But what about performance? Self-compassion may feel good, but aren’t the people who are harder on themselves, who are driven to always be the best, the ones who are ultimately more likely to succeed?

Self-esteem has a strong relation to happiness. Although the research has not clearly established causation, we are persuaded that high self-esteem does lead to greater happiness. Low self-esteem is more likely than high to lead to depression under some circumstances. Some studies support the buffer hypothesis, which is that high self-esteem mitigates the effects of stress, but other studies come to the opposite conclusion, indicating that the negative effects of low self-esteem are mainly felt in good times. Still others find that high self-esteem leads to happier outcomes regardless of stress or other circumstances.

Research on high self-esteem have come to the troubling conclusion that it is not all it’s cracked up to be. High self-esteem does not predict better performance or greater success. And though people with high self-esteem do think they’re more successful, objectively, they are not. High self-esteem does not make you a more effective leader, a more appealing lover, more likely to lead a healthy lifestyle, or more attractive and compelling in an interview.

High self-esteem does not prevent children from smoking, drinking, taking drugs, or engaging in early sex. If anything, high self-esteem fosters experimentation, which may increase early sexual activity or drinking, but in general effects of self-esteem are negligible. One important exception is that high self-esteem reduces the chances of bulimia in females.

SELF COMPASSION

Overall, the benefits of high self-esteem fall into two categories: enhanced initiative and pleasant feelings. We have not found evidence that boosting self-esteem (by therapeutic interventions in school programs) causes benefits. The findings do not support continued widespread efforts to boost self-esteem in the hope that it will by itself foster improved outcomes. In view of the heterogeneity of high self-esteem, indiscriminate praise might just as easily promote narcissism, with its less desirable consequences. Instead, we recommend using praise to boost self-esteem as a reward for socially desirable behaviour and self-improvement.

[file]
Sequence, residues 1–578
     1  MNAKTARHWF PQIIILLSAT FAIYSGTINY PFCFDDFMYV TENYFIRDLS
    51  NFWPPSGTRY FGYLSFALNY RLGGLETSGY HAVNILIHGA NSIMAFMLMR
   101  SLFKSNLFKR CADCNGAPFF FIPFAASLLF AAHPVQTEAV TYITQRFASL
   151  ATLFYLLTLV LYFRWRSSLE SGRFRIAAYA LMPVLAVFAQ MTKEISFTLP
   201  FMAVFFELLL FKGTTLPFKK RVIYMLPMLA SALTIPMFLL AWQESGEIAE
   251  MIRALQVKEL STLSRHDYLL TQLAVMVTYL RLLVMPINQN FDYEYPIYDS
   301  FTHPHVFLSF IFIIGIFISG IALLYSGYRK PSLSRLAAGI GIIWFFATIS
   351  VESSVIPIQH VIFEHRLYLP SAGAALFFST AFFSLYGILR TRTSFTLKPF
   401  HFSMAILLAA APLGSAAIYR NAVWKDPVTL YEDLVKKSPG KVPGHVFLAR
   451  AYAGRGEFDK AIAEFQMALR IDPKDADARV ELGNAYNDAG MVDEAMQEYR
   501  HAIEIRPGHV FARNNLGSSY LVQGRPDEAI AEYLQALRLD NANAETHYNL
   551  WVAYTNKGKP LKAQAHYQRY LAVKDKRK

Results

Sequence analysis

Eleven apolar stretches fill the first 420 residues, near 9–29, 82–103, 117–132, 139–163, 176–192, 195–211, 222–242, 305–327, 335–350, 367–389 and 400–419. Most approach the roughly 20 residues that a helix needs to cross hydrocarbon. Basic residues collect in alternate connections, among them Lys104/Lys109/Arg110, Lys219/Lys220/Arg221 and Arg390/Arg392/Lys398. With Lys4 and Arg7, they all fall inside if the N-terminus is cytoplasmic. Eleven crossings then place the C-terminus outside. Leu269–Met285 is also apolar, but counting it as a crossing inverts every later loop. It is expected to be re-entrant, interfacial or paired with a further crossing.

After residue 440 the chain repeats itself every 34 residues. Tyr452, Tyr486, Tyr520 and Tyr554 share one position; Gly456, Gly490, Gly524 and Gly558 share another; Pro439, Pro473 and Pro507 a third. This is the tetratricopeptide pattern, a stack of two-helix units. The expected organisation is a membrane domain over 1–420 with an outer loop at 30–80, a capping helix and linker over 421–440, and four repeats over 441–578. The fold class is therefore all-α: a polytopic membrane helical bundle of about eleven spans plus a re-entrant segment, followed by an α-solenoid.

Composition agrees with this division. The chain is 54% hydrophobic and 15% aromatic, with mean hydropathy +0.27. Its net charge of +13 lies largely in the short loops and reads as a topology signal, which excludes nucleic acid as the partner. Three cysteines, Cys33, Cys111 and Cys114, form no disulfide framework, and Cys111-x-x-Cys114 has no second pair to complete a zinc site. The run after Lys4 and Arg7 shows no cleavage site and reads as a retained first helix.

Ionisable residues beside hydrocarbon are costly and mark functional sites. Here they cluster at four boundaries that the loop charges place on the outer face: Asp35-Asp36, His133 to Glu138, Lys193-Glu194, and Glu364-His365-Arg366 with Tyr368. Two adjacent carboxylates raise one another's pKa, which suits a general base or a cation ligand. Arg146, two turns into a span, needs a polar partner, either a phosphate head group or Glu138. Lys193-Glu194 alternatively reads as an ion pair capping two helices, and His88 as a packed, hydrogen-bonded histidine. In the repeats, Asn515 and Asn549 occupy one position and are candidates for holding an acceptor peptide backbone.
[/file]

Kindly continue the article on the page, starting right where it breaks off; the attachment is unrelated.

Now, I know that some of you are already skeptical about a term like “self-compassion.” But this is a scientific, data-driven argument – not feel-good pop psychology. So hang in there and keep an open mind.

Self-compassion is a willingness to look at your own mistakes and shortcomings with kindness and understanding it’s embracing the fact that to err is indeed human. When you are self-compassionate in the face of difficulty, you neither judge yourself harshly, nor feel the need to defensively focus on all your awesome qualities to protect your ego.

But what about performance? Self-compassion may feel good, but aren’t the people who are harder on themselves, who are driven to always be the best, the ones who are ultimately more likely to succeed?

While the spirit of self-compassion is to some degree captured in expressions like give yourself a break and cut yourself some slack, it is decidedly not the same thing as taking yourself off the hook or lowering the bar. You can be self-compassionate while still accepting responsibility for your performance. And you can be self-compassionate while striving for the most challenging goals – the difference lies not in where you want to end up, but in how you think about the ups and downs of your journey. As a matter of fact, if you are self- compassionate, new research suggests you are more likely to actually arrive at your destination.

Why is self-compassion so powerful? In large part, because it is non-evaluative – in other words, your ego is effectively out of the picture – you can confront your flaws and foibles head on. You can get a realistic sense of your abilities and your actions, and figure out what needs to be done differently next time.

SELF COMPASSION

When your focus is instead on protecting your self-esteem, you can’t afford to really look at yourself honestly. You can’t acknowledge the need for improvement, because it means acknowledging weaknesses and shortcomings – threats to self-esteem that create feelings of anxiety and depression. How can you learn how to do things right when it’s killing you to admit – even to yourself – that you’ve done them wrong?

Susie Wilson, Australia’s Leading Etiquette Expert.

http://www.susiewilson

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